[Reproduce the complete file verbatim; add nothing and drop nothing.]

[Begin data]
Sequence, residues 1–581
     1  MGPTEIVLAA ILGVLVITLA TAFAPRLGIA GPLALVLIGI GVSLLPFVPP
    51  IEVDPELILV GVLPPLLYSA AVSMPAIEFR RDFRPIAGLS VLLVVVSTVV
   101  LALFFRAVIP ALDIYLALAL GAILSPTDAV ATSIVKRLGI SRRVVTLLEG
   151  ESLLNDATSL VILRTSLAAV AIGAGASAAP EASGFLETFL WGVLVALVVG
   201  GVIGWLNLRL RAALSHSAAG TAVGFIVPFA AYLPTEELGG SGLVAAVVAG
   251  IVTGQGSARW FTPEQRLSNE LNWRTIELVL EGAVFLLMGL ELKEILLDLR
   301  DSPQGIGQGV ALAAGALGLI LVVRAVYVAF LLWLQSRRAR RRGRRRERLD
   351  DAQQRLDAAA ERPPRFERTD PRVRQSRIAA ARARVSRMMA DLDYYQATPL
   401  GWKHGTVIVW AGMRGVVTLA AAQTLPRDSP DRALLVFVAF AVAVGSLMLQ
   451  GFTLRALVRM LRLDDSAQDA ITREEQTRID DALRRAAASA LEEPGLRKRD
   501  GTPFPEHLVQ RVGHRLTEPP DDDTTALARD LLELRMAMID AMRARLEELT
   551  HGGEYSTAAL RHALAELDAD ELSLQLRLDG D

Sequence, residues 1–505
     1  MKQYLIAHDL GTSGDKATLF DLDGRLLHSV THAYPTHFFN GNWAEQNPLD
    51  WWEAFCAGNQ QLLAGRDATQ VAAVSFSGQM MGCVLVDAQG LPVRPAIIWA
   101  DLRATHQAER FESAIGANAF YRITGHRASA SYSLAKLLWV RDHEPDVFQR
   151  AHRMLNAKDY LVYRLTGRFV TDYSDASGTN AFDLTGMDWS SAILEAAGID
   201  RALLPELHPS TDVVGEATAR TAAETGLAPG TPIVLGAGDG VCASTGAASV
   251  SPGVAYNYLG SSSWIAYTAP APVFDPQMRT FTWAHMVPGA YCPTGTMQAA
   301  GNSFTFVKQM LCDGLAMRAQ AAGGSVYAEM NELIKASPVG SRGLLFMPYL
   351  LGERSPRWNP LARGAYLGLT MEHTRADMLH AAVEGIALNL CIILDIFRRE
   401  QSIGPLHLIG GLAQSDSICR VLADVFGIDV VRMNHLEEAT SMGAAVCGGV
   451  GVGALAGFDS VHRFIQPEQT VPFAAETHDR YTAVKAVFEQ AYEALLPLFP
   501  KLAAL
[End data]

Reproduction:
Sequence, residues 1–581
     1  MGPTEIVLAA ILGVLVITLA TAFAPRLGIA GPLALVLIGI GVSLLPFVPP
    51  IEVDPELILV GVLPPLLYSA AVSMPAIEFR RDFRPIAGLS VLLVVVSTVV
   101  LALFFRAVIP ALDIYLALAL GAILSPTDAV ATSIVKRLGI SRRVVTLLEG
   151  ESLLNDATSL VILRTSLAAV AIGAGASAAP EASGFLETFL WGVLVALVVG
   201  GVIGWLNLRL RAALSHSAAG TAVGFIVPFA AYLPTEELGG SGLVAAVVAG
   251  IVTGQGSARW FTPEQRLSNE LNWRTIELVL EGAVFLLMGL ELKEILLDLR
   301  DSPQGIGQGV ALAAGALGLI LVVRAVYVAF LLWLQSRRAR RRGRRRERLD
   351  DAQQRLDAAA ERPPRFERTD PRVRQSRIAA ARARVSRMMA DLDYYQATPL
   401  GWKHGTVIVW AGMRGVVTLA AAQTLPRDSP DRALLVFVAF AVAVGSLMLQ
   451  GFTLRALVRM LRLDDSAQDA ITREEQTRID DALRRAAASA LEEPGLRKRD
   501  GTPFPEHLVQ RVGHRLTEPP DDDTTALARD LLELRMAMID AMRARLEELT
   551  HGGEYSTAAL RHALAELDAD ELSLQLRLDG D

Sequence, residues 1–505
     1  MKQYLIAHDL GTSGDKATLF DLDGRLLHSV THAYPTHFFN GNWAEQNPLD
    51  WWEAFCAGNQ QLLAGRDATQ VAAVSFSGQM MGCVLVDAQG LPVRPAIIWA
   101  DLRATHQAER FESAIGANAF YRITGHRASA SYSLAKLLWV RDHEPDVFQR
   151  AHRMLNAKDY LVYRLTGRFV TDYSDASGTN AFDLTGMDWS SAILEAAGID
   201  RALLPELHPS TDVVGEATAR TAAETGLAPG TPIVLGAGDG VCASTGAASV
   251  SPGVAYNYLG SSSWIAYTAP APVFDPQMRT FTWAHMVPGA YCPTGTMQAA
   301  GNSFTFVKQM LCDGLAMRAQ AAGGSVYAEM NELIKASPVG SRGLLFMPYL
   351  LGERSPRWNP LARGAYLGLT MEHTRADMLH AAVEGIALNL CIILDIFRRE
   401  QSIGPLHLIG GLAQSDSICR VLADVFGIDV VRMNHLEEAT SMGAAVCGGV
   451  GVGALAGFDS VHRFIQPEQT VPFAAETHDR YTAVKAVFEQ AYEALLPLFP
   501  KLAAL